Losing the battle against preventable diseases

2009-11-03 08:21

WHILE South Africa is slowly winning the battle against a massive

measles ­outbreak, indications are that the country is losing the war against

tuberculosis (TB).

This is according to scientists at the National Institute for

Communicable Diseases (NICD).

At the moment, however, it is measles that is grabbing the health

department’s attention. The outbreak, mostly centred in Gauteng, quickly spread

in schools and even invaded Johannesburg prison, forcing a 10-day quarantine

there this past week.

Health department spokesperson Fidel Hadebe says more than 1 000

cases of measles have been reported.

The last major outbreak of the disease happened in 2003 to 2005,

when 4 207 cases were reported.

Professor Adrian Puren, deputy director of the National Institute

for Communicable Diseases, says while the outbreak is confined mainly to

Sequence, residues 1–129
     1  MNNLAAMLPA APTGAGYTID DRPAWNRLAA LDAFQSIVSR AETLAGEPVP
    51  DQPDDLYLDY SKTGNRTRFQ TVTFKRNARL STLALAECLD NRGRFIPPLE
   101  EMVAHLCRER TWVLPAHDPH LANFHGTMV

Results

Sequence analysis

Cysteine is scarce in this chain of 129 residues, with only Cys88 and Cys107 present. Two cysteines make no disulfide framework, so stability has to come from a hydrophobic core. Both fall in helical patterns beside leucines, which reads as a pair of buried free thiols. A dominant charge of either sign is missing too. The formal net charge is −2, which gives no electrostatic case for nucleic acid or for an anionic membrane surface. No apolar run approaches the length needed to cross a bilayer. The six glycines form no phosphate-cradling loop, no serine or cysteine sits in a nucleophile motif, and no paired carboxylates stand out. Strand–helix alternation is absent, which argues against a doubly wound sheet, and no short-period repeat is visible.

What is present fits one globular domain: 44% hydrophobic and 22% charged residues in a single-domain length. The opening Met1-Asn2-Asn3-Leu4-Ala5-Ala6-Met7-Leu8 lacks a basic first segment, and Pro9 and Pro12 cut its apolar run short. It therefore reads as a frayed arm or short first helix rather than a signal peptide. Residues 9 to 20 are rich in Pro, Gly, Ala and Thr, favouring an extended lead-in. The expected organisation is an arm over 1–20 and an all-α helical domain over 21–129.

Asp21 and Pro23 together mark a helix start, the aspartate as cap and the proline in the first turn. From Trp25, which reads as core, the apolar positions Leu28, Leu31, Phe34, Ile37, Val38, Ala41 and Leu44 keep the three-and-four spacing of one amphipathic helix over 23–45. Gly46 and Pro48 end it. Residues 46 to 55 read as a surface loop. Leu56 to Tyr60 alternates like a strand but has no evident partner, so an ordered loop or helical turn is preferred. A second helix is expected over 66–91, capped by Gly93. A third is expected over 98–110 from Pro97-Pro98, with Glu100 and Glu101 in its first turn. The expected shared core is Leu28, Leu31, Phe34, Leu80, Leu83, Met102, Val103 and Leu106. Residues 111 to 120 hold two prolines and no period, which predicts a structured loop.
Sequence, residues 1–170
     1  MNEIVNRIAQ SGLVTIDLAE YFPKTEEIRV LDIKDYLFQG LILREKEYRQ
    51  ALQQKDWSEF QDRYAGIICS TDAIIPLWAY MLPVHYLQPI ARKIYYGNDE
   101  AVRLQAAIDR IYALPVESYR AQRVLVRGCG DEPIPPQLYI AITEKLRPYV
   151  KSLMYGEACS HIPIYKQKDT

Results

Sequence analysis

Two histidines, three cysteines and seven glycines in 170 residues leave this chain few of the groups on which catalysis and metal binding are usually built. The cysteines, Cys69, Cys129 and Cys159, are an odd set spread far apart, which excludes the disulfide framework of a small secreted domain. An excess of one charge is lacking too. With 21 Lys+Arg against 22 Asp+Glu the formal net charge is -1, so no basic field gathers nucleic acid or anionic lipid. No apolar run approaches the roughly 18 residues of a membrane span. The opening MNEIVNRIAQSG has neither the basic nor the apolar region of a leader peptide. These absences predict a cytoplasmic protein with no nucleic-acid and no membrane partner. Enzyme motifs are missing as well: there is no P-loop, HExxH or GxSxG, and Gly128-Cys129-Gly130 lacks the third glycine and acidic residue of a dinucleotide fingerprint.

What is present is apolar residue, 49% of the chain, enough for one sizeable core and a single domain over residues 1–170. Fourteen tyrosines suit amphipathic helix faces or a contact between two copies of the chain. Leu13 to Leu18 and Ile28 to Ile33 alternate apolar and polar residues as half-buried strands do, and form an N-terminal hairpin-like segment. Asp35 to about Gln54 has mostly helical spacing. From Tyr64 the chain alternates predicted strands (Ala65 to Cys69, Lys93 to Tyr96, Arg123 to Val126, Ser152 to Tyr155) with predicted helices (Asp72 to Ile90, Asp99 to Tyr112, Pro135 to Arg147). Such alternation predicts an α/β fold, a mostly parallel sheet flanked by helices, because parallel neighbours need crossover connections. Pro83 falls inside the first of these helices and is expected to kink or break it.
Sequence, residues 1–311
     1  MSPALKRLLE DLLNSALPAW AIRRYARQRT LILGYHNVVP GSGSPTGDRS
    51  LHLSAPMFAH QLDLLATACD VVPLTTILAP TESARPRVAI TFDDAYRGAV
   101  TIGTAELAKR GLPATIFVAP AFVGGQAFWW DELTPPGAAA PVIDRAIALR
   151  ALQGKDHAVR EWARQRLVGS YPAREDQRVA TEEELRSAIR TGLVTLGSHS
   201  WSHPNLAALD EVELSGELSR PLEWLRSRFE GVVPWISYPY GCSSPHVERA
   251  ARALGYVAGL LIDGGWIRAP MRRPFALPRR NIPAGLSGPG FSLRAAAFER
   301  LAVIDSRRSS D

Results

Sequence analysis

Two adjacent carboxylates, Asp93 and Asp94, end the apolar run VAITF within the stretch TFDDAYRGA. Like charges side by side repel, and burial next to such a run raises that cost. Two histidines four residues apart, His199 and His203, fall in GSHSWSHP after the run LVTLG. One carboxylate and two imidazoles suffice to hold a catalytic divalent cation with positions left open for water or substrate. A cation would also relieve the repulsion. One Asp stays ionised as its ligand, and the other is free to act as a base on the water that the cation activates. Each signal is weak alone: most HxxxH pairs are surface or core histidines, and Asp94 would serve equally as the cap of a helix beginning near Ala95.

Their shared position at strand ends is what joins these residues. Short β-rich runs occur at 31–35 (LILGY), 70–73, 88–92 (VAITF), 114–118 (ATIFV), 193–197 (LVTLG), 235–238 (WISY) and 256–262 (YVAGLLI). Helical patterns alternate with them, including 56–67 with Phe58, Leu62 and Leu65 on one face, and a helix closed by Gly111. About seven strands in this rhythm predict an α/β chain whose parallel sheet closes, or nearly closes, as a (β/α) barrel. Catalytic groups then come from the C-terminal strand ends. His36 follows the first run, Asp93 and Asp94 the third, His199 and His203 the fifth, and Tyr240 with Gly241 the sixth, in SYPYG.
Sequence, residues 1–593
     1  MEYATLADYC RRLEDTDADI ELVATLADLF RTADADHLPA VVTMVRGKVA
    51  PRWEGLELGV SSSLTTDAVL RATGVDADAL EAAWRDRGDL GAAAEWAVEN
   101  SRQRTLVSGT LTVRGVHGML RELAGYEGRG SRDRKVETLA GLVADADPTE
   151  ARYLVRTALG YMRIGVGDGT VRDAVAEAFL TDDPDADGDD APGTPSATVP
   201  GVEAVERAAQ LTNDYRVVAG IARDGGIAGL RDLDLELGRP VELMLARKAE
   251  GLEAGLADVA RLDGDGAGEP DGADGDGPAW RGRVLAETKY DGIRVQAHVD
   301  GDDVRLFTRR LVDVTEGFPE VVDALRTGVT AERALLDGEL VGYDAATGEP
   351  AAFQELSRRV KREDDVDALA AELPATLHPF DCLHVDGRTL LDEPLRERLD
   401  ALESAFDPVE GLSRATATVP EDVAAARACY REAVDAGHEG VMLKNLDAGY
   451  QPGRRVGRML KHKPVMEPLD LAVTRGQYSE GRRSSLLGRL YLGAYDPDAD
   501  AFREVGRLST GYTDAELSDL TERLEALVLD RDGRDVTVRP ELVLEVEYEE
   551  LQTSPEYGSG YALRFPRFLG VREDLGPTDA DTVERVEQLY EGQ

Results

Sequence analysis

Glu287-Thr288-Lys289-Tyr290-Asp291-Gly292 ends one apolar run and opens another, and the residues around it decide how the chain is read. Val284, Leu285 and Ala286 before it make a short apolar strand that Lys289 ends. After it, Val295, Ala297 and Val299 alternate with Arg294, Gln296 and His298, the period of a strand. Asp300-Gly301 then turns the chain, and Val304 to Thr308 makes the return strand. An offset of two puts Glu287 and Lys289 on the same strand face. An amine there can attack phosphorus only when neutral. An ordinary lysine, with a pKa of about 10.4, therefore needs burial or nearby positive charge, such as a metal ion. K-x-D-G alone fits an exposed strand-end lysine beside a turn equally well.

Gauteng, there are concerns that it could spread to other provinces.

The most appropriate action to take against the disease is to

vaccinate as many people as possible. But government’s effective vaccination

campaign is being hampered by parents who are afraid that the vaccine could make

their children vulnerable to autism.

Puren is adamant this concern is not substantiated by scientific

facts.

Tuberculosis, another preventable disease, is also on the increase.

Dr Gerrit Coetzee, head of the tuberculosis unit at the NICD, warns that levels

of the disease in the country are reaching record highs.

The reason for this is is the connection between TB and HIV, “they

were made for each other”, he says.

South Africa’s TB cure rate stands at 65%, a figure way below the

World Health Organisation’s recommended rate of 85%.

In KwaZulu-Natal, the province with the highest prevalence of TB,

1 000 in every 100 000 people have TB, while the average for the country is

estimated between 600 and 700 in ­every 100?000 people, says Coetzee.

Tuberculosis levels are rising ­despite the fact that government

­recently developed a R36 million TB crisis-management plan, which ­identified

four districts with high levels of TB and low cure rates.


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